Symptom perceptions, illness beliefs and coping in chronic fatigue syndrome
Journal of Mental Health, 14, (3), . (doi:10.1080/09638230500136548).
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Chronic fatigue syndrome (CFS) is an illness characterized by disabling fatigue of at least 6 months duration. The purpose of this article is to review the empirical literature on the role of illness and symptom perceptions and coping in CFS. The studies reviewed provide good support for the cognitive behavioural formulation of CFS. There is evidence that people who go on to develop post viral chronic fatigue have a tendency to label a wide range of everyday symptoms as physical in nature, negative beliefs about their experience of the illness and an all-or-nothing coping response. There is also evidence that people who have had CFS for some time, attribute a wide range of symptoms to their condition, believe the illness is largely physical in origin, and has very serious consequences. CFS patients also tend to be hypervigilant to symptom information and to maximize the extent of their symptoms and the consequences of experiencing symptoms. They are often fearful of the aftermath of over activity which is reflected in two characteristic ways of coping with the illness including a passive disengagement response or an all-or-nothing erratic pattern of behaviour. These beliefs and coping strategics are related to disability and fatigue. The implications of these findings for treatment are discussed together with the directions for future research.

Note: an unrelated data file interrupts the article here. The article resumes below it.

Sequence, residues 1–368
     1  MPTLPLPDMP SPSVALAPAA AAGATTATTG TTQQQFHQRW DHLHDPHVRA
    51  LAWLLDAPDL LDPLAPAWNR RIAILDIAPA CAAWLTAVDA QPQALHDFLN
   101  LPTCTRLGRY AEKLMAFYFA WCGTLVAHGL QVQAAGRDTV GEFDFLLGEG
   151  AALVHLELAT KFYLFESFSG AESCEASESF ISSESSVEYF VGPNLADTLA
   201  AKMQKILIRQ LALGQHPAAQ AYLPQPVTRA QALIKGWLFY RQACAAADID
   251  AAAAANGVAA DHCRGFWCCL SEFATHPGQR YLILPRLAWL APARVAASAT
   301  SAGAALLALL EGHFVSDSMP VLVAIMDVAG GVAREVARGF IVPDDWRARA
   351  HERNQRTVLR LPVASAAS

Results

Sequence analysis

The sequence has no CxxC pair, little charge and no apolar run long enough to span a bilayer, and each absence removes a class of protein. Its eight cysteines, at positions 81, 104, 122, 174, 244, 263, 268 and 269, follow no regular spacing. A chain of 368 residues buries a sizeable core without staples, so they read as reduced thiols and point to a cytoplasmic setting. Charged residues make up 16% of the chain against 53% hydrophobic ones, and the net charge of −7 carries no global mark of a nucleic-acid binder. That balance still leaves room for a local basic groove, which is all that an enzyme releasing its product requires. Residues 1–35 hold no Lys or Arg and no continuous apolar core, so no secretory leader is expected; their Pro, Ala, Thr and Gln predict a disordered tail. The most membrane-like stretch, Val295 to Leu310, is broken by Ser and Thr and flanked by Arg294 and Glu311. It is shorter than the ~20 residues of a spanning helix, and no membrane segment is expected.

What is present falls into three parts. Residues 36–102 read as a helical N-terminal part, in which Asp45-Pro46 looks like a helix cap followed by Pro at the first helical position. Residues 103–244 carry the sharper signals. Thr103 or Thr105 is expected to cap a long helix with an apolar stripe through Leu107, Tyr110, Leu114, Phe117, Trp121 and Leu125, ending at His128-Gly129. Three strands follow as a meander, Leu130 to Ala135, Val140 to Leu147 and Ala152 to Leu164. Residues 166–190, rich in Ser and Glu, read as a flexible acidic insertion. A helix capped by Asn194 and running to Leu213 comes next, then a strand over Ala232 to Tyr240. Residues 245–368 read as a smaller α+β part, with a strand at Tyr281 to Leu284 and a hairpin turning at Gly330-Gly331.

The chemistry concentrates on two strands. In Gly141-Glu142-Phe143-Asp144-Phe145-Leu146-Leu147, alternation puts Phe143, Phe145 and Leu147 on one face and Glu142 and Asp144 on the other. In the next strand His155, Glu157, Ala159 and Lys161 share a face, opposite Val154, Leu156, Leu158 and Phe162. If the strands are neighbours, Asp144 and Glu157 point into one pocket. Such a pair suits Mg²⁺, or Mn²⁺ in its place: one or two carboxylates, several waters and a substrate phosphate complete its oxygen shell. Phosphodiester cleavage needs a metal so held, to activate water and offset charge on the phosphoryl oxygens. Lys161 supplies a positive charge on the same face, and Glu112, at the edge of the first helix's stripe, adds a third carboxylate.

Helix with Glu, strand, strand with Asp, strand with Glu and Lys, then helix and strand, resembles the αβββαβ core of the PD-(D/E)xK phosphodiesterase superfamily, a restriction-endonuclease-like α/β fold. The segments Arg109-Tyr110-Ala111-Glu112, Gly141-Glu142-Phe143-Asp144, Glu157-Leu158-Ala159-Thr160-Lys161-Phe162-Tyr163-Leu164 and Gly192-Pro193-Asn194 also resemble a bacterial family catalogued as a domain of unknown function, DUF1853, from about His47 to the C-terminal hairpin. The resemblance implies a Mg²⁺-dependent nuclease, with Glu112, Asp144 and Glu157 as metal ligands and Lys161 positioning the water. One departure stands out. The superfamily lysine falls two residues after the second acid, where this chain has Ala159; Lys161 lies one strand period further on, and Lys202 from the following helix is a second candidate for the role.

|Digital Object Identifier (DOI):
||catastrophizing, cognitive behavioural model, symptom focussing, illness perceptions, illness representations, coping, chronic fatigue syndrome (cfs), symptom perception
||03 Jul 2006
||16 Apr 2017 21:53
|Further Information:||Google Scholar|
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